elsewhere with downsloping wind off the high terrain. Light snow
accumulations of around a tenth or two possible along with
restrictions to visibility of a mile or two.


Friday into Friday night...

Cold conditions continue. Cold air advection continuing aloft with
lapse rates remaining well-mixed to at least H85. Will see weak
ridging and drier air around H8-3 aloft move across the region
limiting deep layer mixing, but with well-mixed low levels, expect
scattered to broken cloud decks to continue especially with the
reinforcing arctic front around the morning hours. Continued cyclonic
flow and fetch off the warmer lakes, maybe a flurry over the

Been a challenge to forecast the magnitude of the winds, what will
effectively mix-down to the surface and what will the winds be
aloft. NAM seems to be the most robust guidance. Overall anticipate
NW blustery flow 10 to 15 kts sustained with gusts up to 35 kts
immediately behind the arctic front, relaxing towards Saturday
morning as high pressure builds in from the W and the pressure
gradient begins to relax. Going to feel some 10 degrees colder
than actual. Looking at wind chills overnight in the single digits.

Looking at highs around the low to mid 30s during the day, lows
dropping down into the teens.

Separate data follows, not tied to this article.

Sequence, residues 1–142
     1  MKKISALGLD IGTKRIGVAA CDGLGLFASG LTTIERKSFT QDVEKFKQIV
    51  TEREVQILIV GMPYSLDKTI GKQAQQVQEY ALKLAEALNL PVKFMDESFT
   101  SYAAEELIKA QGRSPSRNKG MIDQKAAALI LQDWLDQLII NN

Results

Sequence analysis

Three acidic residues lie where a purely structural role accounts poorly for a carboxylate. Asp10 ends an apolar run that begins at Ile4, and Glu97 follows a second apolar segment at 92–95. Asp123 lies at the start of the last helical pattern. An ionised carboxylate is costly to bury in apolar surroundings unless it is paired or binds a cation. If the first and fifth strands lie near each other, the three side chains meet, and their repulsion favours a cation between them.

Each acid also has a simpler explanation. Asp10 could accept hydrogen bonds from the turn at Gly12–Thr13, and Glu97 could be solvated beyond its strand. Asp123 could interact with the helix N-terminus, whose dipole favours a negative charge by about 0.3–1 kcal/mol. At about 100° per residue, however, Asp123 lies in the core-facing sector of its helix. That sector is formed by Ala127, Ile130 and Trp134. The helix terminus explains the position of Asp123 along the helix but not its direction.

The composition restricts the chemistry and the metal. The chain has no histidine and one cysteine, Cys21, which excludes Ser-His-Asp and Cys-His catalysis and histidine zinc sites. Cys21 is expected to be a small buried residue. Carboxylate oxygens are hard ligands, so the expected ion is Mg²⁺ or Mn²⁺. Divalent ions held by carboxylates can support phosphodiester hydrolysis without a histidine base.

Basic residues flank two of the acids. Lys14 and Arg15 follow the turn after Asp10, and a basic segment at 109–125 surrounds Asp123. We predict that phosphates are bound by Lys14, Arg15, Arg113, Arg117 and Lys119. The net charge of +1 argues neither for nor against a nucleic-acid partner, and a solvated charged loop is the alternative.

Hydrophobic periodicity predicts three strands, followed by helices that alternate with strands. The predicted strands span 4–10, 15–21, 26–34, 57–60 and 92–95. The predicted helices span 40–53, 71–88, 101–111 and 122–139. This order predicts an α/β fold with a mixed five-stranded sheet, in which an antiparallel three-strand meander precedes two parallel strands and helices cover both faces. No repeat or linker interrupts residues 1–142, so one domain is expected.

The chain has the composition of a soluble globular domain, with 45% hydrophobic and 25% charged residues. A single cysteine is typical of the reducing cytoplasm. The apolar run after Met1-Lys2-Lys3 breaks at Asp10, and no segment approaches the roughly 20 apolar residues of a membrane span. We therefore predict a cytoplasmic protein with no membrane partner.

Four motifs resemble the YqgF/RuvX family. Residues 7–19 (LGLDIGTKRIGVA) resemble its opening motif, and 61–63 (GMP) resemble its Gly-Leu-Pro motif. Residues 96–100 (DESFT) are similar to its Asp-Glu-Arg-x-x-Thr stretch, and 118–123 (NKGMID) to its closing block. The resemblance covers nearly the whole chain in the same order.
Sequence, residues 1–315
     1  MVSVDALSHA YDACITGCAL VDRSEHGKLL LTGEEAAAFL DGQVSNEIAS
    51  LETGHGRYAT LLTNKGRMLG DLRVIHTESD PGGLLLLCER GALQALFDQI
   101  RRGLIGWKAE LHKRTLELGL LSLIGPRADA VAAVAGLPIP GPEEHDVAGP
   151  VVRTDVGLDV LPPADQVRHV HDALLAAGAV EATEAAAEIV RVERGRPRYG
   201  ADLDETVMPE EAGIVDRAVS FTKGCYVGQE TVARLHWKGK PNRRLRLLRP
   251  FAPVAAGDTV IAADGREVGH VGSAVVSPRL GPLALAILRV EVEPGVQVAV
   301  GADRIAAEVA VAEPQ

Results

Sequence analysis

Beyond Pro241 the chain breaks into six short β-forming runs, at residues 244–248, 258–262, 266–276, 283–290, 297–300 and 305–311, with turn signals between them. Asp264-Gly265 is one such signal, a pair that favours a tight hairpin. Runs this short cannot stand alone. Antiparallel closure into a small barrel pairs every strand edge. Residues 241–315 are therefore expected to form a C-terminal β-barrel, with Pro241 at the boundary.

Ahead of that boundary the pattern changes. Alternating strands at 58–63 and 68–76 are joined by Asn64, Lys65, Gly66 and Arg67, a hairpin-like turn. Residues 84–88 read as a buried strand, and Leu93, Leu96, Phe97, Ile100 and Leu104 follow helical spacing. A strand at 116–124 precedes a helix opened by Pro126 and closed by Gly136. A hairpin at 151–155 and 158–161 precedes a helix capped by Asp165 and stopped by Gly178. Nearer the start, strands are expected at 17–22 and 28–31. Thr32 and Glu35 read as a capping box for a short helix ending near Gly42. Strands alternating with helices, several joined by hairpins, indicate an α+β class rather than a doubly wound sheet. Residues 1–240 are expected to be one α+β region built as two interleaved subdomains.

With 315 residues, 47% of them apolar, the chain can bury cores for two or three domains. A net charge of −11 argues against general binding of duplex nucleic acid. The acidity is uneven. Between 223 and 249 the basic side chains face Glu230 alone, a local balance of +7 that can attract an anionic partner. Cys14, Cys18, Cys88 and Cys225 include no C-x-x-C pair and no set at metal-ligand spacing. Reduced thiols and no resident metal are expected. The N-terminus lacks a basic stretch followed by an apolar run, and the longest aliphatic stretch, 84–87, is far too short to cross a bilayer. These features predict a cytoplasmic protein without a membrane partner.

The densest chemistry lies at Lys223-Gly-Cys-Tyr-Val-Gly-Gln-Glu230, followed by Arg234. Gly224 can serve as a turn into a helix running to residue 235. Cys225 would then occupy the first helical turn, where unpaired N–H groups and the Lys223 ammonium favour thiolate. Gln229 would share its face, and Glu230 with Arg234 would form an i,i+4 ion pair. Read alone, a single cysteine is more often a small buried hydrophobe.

*/ Highlights...

 * Cool and dry Sat into early Sun.
 * Mixed wintry precip with some impact late Sun into Mon.
 * Some uncertainty remains with p-types.
 * Cooler, but unsettled possible later next week.

*/ Overview and model preferences...

The long term looks to favor very broad, unamplified, and nearly
zonal W-E mean jet across the N tier of the CONUS through the long
term. While this might suggest relatively persistent conditions,
there are a couple of waves that will need to be watched as go
through next week. While there remains fairly good agreement on
the large scale, the smaller scale features and thermal profiles
remain somewhat in flux, and these will have everything to do with
the final sensible wx details.

The first wave of note is currently wrapped within the vortex
sitting off the coast of British Columbia coastline at this time,
it will weaken and open as it moves across the CONUS into Sun, but
maintains enough energy to provide a focal point for a two phased
mixed-precip event that should begin by late Sun and continue into
Mon. The second wave is actually allowed access to the northeast